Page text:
> intention doesn't come into it. The mean is not a robust measure of
> central tendency, the median is, regardless of why you pick one or the
> other.

Okay, I see what you mean. I wasn't thinking of robustness as a
technical term but now I see that you are correct.

Perhaps what I should have said is that whether or not this matters
depends on the problem at hand (hopefully this isn't an important
medical trial) and the particular type of data that you have; assuming
normality is fine in many cases even if the data is not "really"
normal.

>
> There are sometimes good reasons for choosing non-robust statistics or
> techniques over robust ones, but some techniques are so dodgy that there
> is *never* a good reason for doing so. E.g. finding the line of best fit
> by eye, or taking more and more samples until you get a statistically
> significant result. Such techniques are not just non-robust in the
> statistical sense, but non-robust in the general sense, if not outright
> deceitful.

There are sometimes good reasons to get a line of best fit by eye. In
particular if your data contains clusters that are hard to separate,
sometimes it's useful to just pick out roughly where you think a line
through a subset of the data is.

Oscar

Oscar Benjamin, Jan 7, 2013
11. ### Robert KernGuest

On 07/01/2013 15:20, Oscar Benjamin wrote:
> On 7 January 2013 05:11, Steven D'Aprano
> <> wrote:
>> On Mon, 07 Jan 2013 02:29:27 +0000, Oscar Benjamin wrote:
>>
>>> On 7 January 2013 01:46, Steven D'Aprano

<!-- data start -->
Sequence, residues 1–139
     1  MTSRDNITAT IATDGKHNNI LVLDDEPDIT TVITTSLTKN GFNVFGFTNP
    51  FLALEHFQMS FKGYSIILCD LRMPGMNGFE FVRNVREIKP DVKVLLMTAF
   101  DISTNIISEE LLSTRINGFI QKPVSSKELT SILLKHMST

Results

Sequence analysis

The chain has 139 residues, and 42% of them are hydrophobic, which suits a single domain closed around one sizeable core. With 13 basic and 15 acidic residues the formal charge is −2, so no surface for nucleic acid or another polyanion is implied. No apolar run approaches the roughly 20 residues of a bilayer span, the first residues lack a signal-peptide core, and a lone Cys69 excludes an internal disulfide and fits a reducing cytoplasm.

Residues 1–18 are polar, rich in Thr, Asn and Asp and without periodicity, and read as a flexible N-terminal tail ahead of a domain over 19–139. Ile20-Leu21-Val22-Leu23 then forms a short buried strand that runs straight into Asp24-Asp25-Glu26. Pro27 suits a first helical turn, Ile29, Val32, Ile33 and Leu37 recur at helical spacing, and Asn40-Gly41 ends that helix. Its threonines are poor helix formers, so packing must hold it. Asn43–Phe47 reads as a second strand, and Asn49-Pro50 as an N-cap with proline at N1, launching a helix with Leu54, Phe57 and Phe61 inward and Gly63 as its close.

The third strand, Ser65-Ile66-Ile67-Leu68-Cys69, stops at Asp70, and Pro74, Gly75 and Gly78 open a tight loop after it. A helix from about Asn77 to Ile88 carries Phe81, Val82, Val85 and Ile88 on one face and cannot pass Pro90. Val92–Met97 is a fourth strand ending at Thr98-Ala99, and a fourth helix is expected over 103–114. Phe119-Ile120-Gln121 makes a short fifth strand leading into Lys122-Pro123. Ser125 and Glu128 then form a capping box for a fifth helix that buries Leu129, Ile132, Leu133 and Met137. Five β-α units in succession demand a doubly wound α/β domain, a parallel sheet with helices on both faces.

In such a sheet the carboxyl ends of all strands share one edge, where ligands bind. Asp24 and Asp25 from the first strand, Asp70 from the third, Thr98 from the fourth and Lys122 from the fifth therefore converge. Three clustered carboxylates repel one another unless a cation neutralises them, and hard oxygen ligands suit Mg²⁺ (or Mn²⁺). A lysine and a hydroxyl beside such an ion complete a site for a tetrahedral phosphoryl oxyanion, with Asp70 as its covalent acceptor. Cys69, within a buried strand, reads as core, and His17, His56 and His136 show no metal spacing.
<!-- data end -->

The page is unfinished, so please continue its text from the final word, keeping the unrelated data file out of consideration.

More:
>>> <> wrote:
>>>> On Sun, 06 Jan 2013 19:44:08 +0000, Joseph L. Casale wrote:
>>>>
>>>> I'm not sure that this approach is statistically robust. No, let me be
>>>> even more assertive: I'm sure that this approach is NOT statistically
>>>> robust, and may be scientifically dubious.
>>>
>>> Whether or not this is "statistically robust" requires more explanation

>>
>> Not really. Statistics robustness is objectively defined, and the user's
>> intention doesn't come into it. The mean is not a robust measure of
>> central tendency, the median is, regardless of why you pick one or the
>> other.

>
> Okay, I see what you mean. I wasn't thinking of robustness as a
> technical term but now I see that you are correct.
>
> Perhaps what I should have said is that whether or not this matters
> depends on the problem at hand (hopefully this isn't an important
> medical trial) and the particular type of data that you have; assuming
> normality is fine in many cases even if the data is not "really"
> normal.

"Having outliers" literally means that assuming normality is not fine. If
assuming normality were fine, then you wouldn't need to remove outliers.

--
Robert Kern

"I have come to believe that the whole world is an enigma, a harmless enigma
an underlying truth."
-- Umberto Eco

Robert Kern, Jan 7, 2013
12. ### Steven D'ApranoGuest

[Offtopic] Line fitting [was Re: Numpy outlier removal]

On Mon, 07 Jan 2013 15:20:57 +0000, Oscar Benjamin wrote:

> There are sometimes good reasons to get a line of best fit by eye. In
> particular if your data contains clusters that are hard to separate,
> sometimes it's useful to just pick out roughly where you think a line
> through a subset of the data is.

Cherry picking subsets of your data as well as line fitting by eye? Two
wrongs do not make a right.